#2
is this a joke by any chance...? you seem to have made a thread about a different subject every day for about the last week... i'm suspicious... try adlers orchestration book, it's the one used in a lot of universities i believe!
#3
Quote by gavk
is this a joke by any chance...? you seem to have made a thread about a different subject every day for about the last week... i'm suspicious...


No it's not. T_T
I have a very huge interest in orchestration and classical music.
Last edited by MaddMann274 at Nov 10, 2011,
#4
haha sorry man, i've seen a load of threads from you i was wondering was it kinda tongue in cheek! yeah check that one out, if you got any spare cash make sure to get the cds with it, it's got like a 6 cd set full of examples, it's really helpful
#5
This is on par with someone saying, I want to learn theory. There are 600 page texts on functional harmony, there are 600 pages texts on orchestration. Buy a book, take a class, no one here is going to be able to teach you orchestration over an online forum.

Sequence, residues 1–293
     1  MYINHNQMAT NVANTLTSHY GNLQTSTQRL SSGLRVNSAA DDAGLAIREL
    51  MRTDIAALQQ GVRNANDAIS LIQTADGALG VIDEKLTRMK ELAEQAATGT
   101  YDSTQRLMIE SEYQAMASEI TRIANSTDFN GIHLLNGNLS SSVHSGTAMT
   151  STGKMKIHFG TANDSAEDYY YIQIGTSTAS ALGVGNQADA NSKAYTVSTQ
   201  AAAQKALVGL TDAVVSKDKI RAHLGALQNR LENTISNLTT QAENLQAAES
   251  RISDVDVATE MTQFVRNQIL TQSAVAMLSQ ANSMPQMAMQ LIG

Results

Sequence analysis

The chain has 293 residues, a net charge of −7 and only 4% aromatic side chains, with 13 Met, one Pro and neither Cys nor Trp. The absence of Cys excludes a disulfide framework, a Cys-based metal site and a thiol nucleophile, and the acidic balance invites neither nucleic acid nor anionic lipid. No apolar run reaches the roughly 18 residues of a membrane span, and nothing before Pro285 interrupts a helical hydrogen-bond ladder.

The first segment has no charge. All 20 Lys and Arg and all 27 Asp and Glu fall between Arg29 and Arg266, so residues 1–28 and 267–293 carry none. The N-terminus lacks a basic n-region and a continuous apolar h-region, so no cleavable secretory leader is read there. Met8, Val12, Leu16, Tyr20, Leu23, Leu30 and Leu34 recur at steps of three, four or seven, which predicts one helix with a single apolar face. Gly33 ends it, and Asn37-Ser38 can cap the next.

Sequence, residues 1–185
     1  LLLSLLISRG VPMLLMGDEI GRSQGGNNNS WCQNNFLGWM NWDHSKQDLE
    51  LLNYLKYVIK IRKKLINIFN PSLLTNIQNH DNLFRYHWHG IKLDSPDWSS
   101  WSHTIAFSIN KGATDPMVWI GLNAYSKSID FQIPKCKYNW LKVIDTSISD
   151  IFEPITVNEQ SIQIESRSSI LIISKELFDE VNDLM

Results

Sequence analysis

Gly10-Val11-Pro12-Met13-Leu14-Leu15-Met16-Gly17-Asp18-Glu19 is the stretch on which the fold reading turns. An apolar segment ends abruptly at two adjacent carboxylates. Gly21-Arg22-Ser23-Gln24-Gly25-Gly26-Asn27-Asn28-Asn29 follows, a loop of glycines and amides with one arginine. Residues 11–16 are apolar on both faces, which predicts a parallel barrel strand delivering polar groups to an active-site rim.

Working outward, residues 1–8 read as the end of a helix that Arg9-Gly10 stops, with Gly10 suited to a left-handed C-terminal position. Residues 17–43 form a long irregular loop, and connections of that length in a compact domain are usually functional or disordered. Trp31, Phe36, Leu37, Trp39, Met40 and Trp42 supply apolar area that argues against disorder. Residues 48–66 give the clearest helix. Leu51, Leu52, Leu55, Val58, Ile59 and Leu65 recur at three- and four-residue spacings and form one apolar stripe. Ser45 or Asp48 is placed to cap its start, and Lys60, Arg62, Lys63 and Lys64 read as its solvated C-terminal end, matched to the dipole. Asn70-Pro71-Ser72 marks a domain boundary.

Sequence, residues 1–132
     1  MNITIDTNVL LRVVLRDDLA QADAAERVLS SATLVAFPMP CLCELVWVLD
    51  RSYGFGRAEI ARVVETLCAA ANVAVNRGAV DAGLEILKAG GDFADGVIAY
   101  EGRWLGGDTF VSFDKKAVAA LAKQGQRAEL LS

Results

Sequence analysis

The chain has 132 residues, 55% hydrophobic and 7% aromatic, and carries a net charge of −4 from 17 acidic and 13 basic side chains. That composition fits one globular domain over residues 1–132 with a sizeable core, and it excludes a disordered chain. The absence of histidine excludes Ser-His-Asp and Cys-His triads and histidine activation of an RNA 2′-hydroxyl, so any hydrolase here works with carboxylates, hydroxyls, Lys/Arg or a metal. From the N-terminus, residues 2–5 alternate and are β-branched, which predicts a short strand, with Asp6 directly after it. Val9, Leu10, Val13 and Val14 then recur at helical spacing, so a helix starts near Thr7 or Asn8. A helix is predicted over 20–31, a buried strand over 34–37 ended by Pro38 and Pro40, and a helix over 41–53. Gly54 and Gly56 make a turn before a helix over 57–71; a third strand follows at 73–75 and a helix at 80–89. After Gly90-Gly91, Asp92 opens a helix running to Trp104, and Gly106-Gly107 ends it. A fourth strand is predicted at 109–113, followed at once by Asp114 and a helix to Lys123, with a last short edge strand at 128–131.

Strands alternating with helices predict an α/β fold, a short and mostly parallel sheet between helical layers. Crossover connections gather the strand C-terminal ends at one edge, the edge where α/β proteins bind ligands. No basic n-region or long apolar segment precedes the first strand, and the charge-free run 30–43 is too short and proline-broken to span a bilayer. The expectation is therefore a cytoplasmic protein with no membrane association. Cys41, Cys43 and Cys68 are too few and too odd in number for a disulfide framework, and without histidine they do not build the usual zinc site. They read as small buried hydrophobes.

#6
Quote by gavk
haha sorry man, i've seen a load of threads from you i was wondering was it kinda tongue in cheek! yeah check that one out, if you got any spare cash make sure to get the cds with it, it's got like a 6 cd set full of examples, it's really helpful


No worries.
I'll check it out.

Though does anyone have 'Professional Orchestration Vol.1 Solo Instruments' by Peter Lawrence Alexander? Is it any good? That book sounds interesting.
#8
Quote by griffRG7321
What are your analysis skills like? How's your ear?


My ear is good I think. I can figure out songs by ear and all. My analysis skills, am not sure. Not that good at it I guess.
#9
Before learning orchestration I recommend you get your analytical skills up to scratch. In the meantime listen to a lot of orchestral and chamber works, learn to identify what instruments are playing.